Pothole SM

Taxes are paid so that government can pool monies that enable it to embark on projects that enrich society as a whole. When government is underfunded, education and infrastructure suffer. Anyone who jumped for joy at their measly property tax reduction this year also abdicated their right to complain about DISD, potholes, or Fair Park.  The 37 cents a day I saved was invisible to me and certainly wouldn’t pay for much municipally on its own.  But when joined with the savings of every other household in Texas, it equates to $3.8 billion statewide in 2015-2016.

Without taxes, there would be no public libraries, police, fire, ambulance, public schools, roadways, etc. Without taxes, every single road would be a nightmare of privately-owned thoroughfares, collecting tolls with each change in ownership.  We’ve all read stories in recent years about homes that were allowed to burn because the homeowner hadn’t paid their subscription fee for fire protection.  It’s estimated there are 1,200 such subscription-based municipalities in the USA.

The Texas Transportation Commission acknowledges an annual underfunding of $5 billion in transportation infrastructure improvements.  In the 16-county area covered by the North Central Texas Council of Governments, this equates to roughly $2 billion a year in underspending.

Tie those two numbers together.  The entire state gave back barely enough money to properly fund Metroplex roads.  Still feeling good about that piddly tax reduction?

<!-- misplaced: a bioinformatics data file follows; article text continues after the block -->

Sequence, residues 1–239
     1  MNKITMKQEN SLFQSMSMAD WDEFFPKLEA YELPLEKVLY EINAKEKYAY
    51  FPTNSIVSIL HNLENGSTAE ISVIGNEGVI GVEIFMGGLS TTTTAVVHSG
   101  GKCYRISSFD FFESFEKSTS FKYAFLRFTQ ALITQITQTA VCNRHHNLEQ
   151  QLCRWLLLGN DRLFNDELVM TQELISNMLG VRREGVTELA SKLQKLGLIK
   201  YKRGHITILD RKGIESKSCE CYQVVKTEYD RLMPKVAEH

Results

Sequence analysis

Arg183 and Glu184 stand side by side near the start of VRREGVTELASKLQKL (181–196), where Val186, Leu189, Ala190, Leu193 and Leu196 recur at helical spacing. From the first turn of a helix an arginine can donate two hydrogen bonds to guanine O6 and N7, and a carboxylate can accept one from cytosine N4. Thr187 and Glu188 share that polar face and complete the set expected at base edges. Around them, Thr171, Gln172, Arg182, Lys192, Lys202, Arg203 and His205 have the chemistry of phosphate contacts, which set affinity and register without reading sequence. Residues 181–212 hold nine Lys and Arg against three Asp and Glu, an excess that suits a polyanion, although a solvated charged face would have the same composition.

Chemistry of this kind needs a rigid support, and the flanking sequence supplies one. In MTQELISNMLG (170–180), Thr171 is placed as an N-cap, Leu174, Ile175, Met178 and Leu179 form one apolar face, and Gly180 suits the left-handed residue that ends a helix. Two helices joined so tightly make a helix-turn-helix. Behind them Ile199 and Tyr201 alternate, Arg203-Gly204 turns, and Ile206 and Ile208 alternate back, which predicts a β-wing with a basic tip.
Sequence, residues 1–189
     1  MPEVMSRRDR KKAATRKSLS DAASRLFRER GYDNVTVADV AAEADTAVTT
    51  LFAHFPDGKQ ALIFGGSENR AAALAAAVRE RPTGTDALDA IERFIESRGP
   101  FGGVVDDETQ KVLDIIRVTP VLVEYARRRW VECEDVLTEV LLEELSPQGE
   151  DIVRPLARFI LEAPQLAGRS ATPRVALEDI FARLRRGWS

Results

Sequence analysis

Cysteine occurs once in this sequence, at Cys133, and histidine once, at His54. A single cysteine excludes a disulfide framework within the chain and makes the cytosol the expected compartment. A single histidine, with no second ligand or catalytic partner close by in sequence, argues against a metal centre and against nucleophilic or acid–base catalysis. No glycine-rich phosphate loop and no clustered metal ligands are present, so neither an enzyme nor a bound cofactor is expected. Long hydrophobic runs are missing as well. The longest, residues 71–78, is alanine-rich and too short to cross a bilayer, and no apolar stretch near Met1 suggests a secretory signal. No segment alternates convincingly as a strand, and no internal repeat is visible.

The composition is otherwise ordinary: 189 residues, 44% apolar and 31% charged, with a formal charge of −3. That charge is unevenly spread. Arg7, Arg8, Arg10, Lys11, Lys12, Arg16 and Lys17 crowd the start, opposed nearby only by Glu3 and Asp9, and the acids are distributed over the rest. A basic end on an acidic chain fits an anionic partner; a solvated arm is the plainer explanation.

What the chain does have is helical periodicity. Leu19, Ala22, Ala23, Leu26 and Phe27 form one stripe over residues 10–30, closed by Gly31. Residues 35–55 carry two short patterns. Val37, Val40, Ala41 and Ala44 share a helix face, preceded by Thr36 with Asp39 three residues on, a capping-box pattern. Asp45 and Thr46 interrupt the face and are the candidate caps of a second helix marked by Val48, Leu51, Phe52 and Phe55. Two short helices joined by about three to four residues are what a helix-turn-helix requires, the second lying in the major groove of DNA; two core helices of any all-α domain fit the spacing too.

Now before you get all uproarious in the comments, I’m not a fan of Texas’ high property taxes.

I hear you saying, “First he says government is underfunded, then he says taxes, which fund government are too high.”  That appears contradictory, doesn’t it? Not really.



Texas rests in real estate tax ignominy, coming in fifth in WalletHub’s 2016 ranking of state property tax rates at 1.97 percent, though our media home value is the lowest of similarly taxed states at $131,400. We’re coming in behind No. 1 New Jersey (, No. 2 Illinois, No. 3 New Hampshire, and No. 4 Wisconsin. Hawaii, has the lowest property taxes in the nation, but ranks near the tippy top with median home values.

Of course, we already know that property taxes in Texas are obscene, but It’s a hard pill to swallow when we see how much we’re paying once you even the playing field. What WalletHub did was see how much taxes are paid per homeowner on a home valued at the nation’s median — $175,700.


Don't Mess with Taxes

Wallet Hub did a very interesting analysis when it comes to the various tax systems employed by individual states in the nation. Come to find out, Texas’ tax system, which relies heavily on property taxes to fund our government services, is rated as one of the most unfair tax systems. Of course, after our recent spate of good fortune in the housing market, it’ll be interesting to see how much homeowners are going to end up paying in 2015. And what about all of the capital gains folks are going to have to pay on those record-breaking sales?

Next April is going to hurt, that’s for sure.

Jump to see the how Texas measured up:


I survived, but John Ames’ office … or maybe last month’s ice storm… is certainly responsible for the demise of my complexion. I received not just a tax delinquency statement but a pile of letters from lenders wanting to “help me out”:

“Your 2010 Texas property taxes were due on January 31, 2011. According to our records, you have unpaid taxes in Dallas County and have incurred 7% in fees from county taxing authorities.”

I paid our taxes on Jan. 31 and had paperwork to prove it. So I popped off an email and just off the phone with DCAD. Seems our account is paid in full. Because of the ice storm, some postings were late and the system generated an auto-collections letter.

Anyone else get an almost-heart attack over this?